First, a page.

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AGV PRODUCTIONS

September 15, 2000

AGV PRODUCTIONS, INC., PLAINTIFF,
V.
METRO-GOLDWYN-MAYER, INC. AND ORION PICTURES CORPORATION, DEFENDANTS.



The opinion of the court was delivered by: Schwartz, District Judge.

OPINION AND ORDER

In this action, plaintiff seeks a declaratory judgment that defendant Metro-Goldwyn-Mayer, Inc. is not the owner of certain sequel rights in the motion picture entitled "Terminator". Currently before the Court are plaintiff's motion for summary judgment and defendants' cross-motion for partial summary judgment and dismissal of the complaint. For the reasons stated below, plaintiff's motion is denied and defendants' motion is granted.

I. Factual Background

A. The Parties and the Property

Plaintiff AGV Productions, Inc. ("plaintiff") is a corporation organized and existing under the laws of California, with its principal place of business located in Santa Monica, California. (Amended Complaint ("Compl.") ¶ 1.) Defendant Orion Pictures Corporation ("Orion") is a corporation organized and existing under the laws of Delaware, with its principal place of business located in Santa Monica, California. (Id. ¶ 3.) Defendant Metro-Goldwyn-Mayer, Inc. ("MGM"), a corporation organized and existing under the laws of Delaware with its principal place of business located in Santa Monica, California, is the parent company of Orion, and its successor-in-interest. (Answer to Compl. ¶ 2; Declaration of Tim Campbell in Support of Defendants' Cross-Motion for Partial Summary Judgment and Dismissal of the Complaint and in Opposition to Plaintiff's Motion for Summary Judgment ("Campbell Decl.") ¶ 12.)

This case concerns certain rights to the motion picture called "Terminator", an action/thriller which enjoyed commercial success in the 1980s and 1990s. See Bernard Weintraub, "A Woman Making Movies for Men," N.Y. Times, May 3, 1994, available in LEXIS, News Library, Allnws File. The original "Terminator" was released by Orion in 1984 and its sequel, "Terminator 2: Judgment Day," was released by Carolco Pictures, Inc. ("Carolco Pictures") in 1991. See Weintraub, supra; (Campbell Decl. ¶ 6.) The property at issue in this proceeding relates to certain sequel, remake, television, and ancillary rights (hereinafter "sequel rights") to future motion pictures in the series.*fn1 Specifically, MGM claims that it has a "right of first negotiation" for sequel distribution rights, while plaintiff claims that such rights are invalid as a matter of federal and state law. The history of this dispute involves the operation of a series of distribution and licensing agreements involving Orion and negotiated in the mid-1980s, and the effect on those agreements of Orion's Chapter 11 bankruptcy proceedings in the early 1990s. These agreements and the specifics of the bankruptcy proceedings are outlined below.

B. The Hemdale-Orion Agreements

In 1982, Hemdale Leisure Corporation ("Hemdale")*fn2 acquired the rights in "Terminator" from Pacific Western Productions, Inc. ("PWP"), which retained a one-half interest in the sequel and remake rights. (Declarations of Andrew J. Vajna and Brian L. Davidoff dated Nov. 18, 1999, Ex. 1 ("AGV Ex. 1").)*fn3 In February 1983, Hemdale transferred the domestic and foreign distribution rights in "Terminator" to Orion via two agreements (collectively the "Hemdale-Orion Agreements"), one governing the United States and Canada (the "Domestic Distribution Agreement") and the other governing the rest of the world (the "Foreign Distribution Agreement").

Pursuant to the Domestic Distribution Agreement, entered into by the parties on February 3, 1983, Orion acquired, inter alia, the right to (i) rent, lease, distribute, reissue, and otherwise deal in and with respect to the Picture, (ii) project and exhibit the film, (iii) make foreign language versions, (iv) contract with sub-distributors, and to (v) publicize and advertise the picture. (Domestic Distribution Agreement ¶¶ 7.01, 7.05, 7.11.) Each party could assign its rights. (Id. ¶ 8.06) Further, Orion was required to pay to Hemdale a certain percentage of its profits and revenues, and to submit to Hemdale periodic reports showing collections for designated accounting periods. (Id. ¶¶ 5.01-5.02; Ex. A.) The Foreign Distribution Agreement, entered into by the parties on February 18, 1983, set forth the same rights and obligations as under the Domestic Distribution Agreement, except that these rights applied to territories outside of the United States and Canada and their respective territories and possessions. (Foreign Distribution Agreement ¶¶ 5.01-5.02, 7.01, 7.06, 7.12, 8.06, Ex. A.)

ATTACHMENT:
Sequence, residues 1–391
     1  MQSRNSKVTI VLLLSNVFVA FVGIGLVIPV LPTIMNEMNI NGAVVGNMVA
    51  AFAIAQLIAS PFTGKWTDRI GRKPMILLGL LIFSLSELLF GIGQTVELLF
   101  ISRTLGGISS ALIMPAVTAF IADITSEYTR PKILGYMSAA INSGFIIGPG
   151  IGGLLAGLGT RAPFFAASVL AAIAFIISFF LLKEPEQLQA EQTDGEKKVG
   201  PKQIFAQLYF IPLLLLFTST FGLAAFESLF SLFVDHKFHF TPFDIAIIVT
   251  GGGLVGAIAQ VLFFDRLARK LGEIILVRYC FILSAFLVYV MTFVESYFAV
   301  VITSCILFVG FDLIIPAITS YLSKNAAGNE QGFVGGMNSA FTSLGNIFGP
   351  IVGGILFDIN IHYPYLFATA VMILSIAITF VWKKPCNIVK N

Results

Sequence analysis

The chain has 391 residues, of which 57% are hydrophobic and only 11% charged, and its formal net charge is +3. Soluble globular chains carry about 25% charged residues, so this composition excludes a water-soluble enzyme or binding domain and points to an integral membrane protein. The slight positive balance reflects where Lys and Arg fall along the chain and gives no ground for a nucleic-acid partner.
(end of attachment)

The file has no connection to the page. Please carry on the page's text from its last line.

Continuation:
A "right of first negotiation" for sequel and remake rights was included as a separate clause in both agreements. That clause reads as follows:

With respect to the [sequel and remake] rights set forth in this [paragraph], Orion shall have and is hereby granted a right of first negotiation as follows. If Orion or [Hemdale] desires to exercise such rights, the parties agree to negotiate in good faith with respect thereto. If the parties cannot agree upon the terms relating to such exercise after thirty (30) days of such negotiation, [Hemdale] shall then be free to negotiate with other parties, provided that [Hemdale] shall not accept an offer which is equal or less favorable than that offered by Orion. (Domestic Distribution Agreement ¶ 7.03; Foreign Distribution Agreement ¶ 7.03.)*fn4

C. October 1984 Agreements

On October 24, 1984, Hemdale and Orion entered into a series of agreements with two entities purportedly closely linked to Hemdale and to each other: Cinema 84, a New York limited partnership, and Interlink Film Distribution Corporation ("Interlink"), a New York corporation. These agreements, which operated concurrently, apparently provided the parties with certain tax advantages. (Orion Inter-Office Memo dated Dec. 14, 1984, AGV Ex. 7; Defendants' Statement in Response to Plaintiff's Supplemental Statement Concerning Bankruptcy Issues ("Defs.' Mem. Bank.") at 4; Defs.' Resp. Q. at 2.) The Court discusses the agreements in the order considered by the parties in their respective submissions.

Pursuant to a "Purchase Agreement," Cinema 84 acquired all of Hemdale's rights in "Terminator", both domestic and foreign, including sequel rights, for $9.25 million. (Purchase Agreement ¶¶ 1, 3.) The scope of the conveyance was extremely broad, including production and distribution rights as well as the copyrights in the motion picture. (Id. ¶ 1). The distribution rights appear to mirror those granted to Orion via the Hemdale-Orion Agreements, and Hemdale conveyed its rights "subject to" PWP's existing rights in the sequels and remakes, as well as Orion's right of first negotiation "as set forth in Section 7.03 of the [Foreign Distribution Agreement]."*fn5 (Id. ¶ 1(i).) It was also made "subject . . . to the entering into" of three other agreements signed on the same day, through which Cinema 84's rights were reconveyed to Orion and Hemdale: (i) the Interlink Distribution Agreement, (ii) the Orion Sub-Distribution Agreement, and (iii) the "Hemdale Sub-Distribution Agreement." (Id. ¶ 2(a).)